Little, Brown, £25, 544 pages
August 19 2016 / Financial Times
AE Housman has been dismissed as a minor poet and he is not currently on the school curriculum, but to read A Shropshire Lad, a cycle of 63 short interlinked poems, for the first time is, I think, to encounter one of the strangest, saddest and most affecting works in English literature. In this poetry of fond remembrance and painful loss, young men — “lads”, Housman called them — invariably die prematurely or are betrayed in love. The setting is rural Shropshire, in deepest, faraway England, but “heartless, witless” nature does not console or redeem, even as it beguiles and tantalises. For this is a godless pastoral and the only constant in these poems, for all the pleasures of their lyric intensity and ironic refinement, is death.
The biographer and critic Peter Parker’s elegant and absorbing Housman Country is less a formal biography than a book about legacy and about how one writer’s work, specifically A Shropshire Lad, has resonated or “vibrated” through the decades, acquiring new meaning and relevance for each subsequent generation. It is also a book about England and Englishness and, in the aftermath of the Brexit vote, one of deep interest and relevance.
A Shropshire Lad was published, after what Housman described as a period of “continuous excitement”, in 1896, when the author was a 36-year-old classics professor at University College London. Parker’s contention is that, even if you haven’t read the book, you are probably already familiar with it. You might well have heard some of the poems set to music by George Butterworth and Ralph Vaughan Williams, two composers who were fundamental to the revival of English classical music and did so much to preserve English folk songs.
You are likely to be familiar too with some of the most celebrated phrases from the poems, such as “blue remembered hills” and “the land of lost content”. These and others have entered the language and inspired any number of literary and popular writers and musicians, from Morrissey to Dennis Potter and Colin Dexter, the creator of the mournful Inspector Morse.
“It is the paradox of his life,” GK Chesterton wrote in a biographical study of William Cobbett, “that he loved the past, and he alone really lived in the future.” Something similar could be said of Housman, the austere classical scholar whose outward reserve and forbidding personality disguised hurt and vulnerability that found expression only in his poetry — a poetry that was future-harrowed and death-haunted just as his studies were backward-looking and past-fixated.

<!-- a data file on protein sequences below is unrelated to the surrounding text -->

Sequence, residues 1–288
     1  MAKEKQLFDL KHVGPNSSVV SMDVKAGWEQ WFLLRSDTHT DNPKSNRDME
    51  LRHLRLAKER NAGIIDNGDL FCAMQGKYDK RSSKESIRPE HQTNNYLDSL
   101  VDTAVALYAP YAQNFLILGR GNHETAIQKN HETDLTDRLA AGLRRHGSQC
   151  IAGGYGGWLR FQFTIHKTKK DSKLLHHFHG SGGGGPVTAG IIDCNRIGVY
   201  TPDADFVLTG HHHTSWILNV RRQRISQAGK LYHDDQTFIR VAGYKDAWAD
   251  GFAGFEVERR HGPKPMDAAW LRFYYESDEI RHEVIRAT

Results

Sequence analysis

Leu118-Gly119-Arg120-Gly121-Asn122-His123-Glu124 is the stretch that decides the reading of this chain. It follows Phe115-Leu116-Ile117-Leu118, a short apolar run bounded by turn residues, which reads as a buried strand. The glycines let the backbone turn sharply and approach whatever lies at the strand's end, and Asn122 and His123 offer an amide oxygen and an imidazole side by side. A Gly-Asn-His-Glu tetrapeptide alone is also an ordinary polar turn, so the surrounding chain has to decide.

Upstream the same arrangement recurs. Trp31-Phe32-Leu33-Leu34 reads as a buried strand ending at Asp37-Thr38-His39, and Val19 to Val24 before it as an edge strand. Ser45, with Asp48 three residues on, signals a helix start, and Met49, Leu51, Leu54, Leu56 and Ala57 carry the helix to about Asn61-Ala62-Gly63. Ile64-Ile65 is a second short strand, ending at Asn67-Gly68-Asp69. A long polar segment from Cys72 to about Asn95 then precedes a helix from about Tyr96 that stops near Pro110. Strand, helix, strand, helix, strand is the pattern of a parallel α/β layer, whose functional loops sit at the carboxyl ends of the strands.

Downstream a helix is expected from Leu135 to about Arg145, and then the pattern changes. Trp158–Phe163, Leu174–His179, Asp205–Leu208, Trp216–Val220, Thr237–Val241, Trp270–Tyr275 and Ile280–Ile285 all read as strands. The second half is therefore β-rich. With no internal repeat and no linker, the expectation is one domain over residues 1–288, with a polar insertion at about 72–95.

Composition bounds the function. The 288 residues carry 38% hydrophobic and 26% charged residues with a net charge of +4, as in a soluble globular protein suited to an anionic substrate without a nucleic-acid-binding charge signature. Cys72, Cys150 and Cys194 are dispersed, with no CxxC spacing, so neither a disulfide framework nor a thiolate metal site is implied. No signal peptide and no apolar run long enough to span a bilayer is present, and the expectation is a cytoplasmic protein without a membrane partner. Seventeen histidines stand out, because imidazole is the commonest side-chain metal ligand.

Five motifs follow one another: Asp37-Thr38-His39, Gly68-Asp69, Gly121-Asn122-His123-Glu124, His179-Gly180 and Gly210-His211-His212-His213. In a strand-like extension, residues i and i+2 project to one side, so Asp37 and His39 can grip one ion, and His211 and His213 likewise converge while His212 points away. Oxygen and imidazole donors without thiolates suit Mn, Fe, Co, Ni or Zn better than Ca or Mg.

After reading A Shropshire Lad, the American poet Robert Lowell said that Housman “foresaw the Somme”. How else to account for the morbid preoccupation with doomed youth? During the first world war it was said that Housman’s book was in “every pocket”, as if the young men volunteering for or sent to the western front saw something of themselves in Housman’s lost lads.
In “On the idle hill of summer”, Housman writes, for instance, of “Soldiers marching, all to die”. He continues: “East and west of fields forgotten/Bleach the bones of comrades slain,/Lovely lads and dead and rotten;/None that go return again.” Housman was, says Parker, “the supreme elegist of and for his age”, which is why his poetry continues to mean so much to so many.
But it’s not just the prescience of the poems that’s so striking. It’s something more than this, something to do with their unity of place and time and evocation of the rhythms of rural life. It is as if for Housman the true spirit of England resides in the countryside.
This is surely why his work appealed so deeply to poets Edward Thomas and Rupert Brooke, both young patriotic volunteers killed during the first world war and both romantically concerned with what Parker calls “dreams of England”. Fortunately, while exploring these dreams, Parker resists making too many generalisations about national identity, though he lapses when suggesting “emotional self-denial [is] thought characteristic of the English race”. He evidently hasn’t spent much time in Newcastle city centre on a Saturday night.
Alfred Edward Housman was born in 1859 in Worcestershire, the eldest of seven children of a country solicitor. His mother died when Housman was only 12 and, though he grew up in a religious family, he claimed to have lost his faith at Oxford. Housman was a brilliant student and would become the outstanding classical scholar of his generation, first at University College London, and then at Trinity College, Cambridge, and yet he failed his finals.
There were suggestions that he was brought down by intellectual arrogance and was bored by the rituals of examinations, but my sense is that his failure is also likely to have been the result of emotional distress. As an undergraduate he fell desperately in love with Moses Jackson, a fellow student and champion sportsman, who was heterosexual. The experience dislocated him and destroyed his peace of mind.
Many years later, in 1933, Housman delivered a public lecture at Cambridge in which, uncharacteristically, he offered some insight into his own creative process. Writing poetry was “generally agitating and exhausting”. He discussed the effect some lines of poetry had on him and quoted from one of Keats’s last letters in which he said of his beloved Fanny Brawne, from whom he was soon to be eternally separated by death, “everything that reminds me of her goes through me like a spear”. Was Housman thinking of Moses Jackson as he wrote this?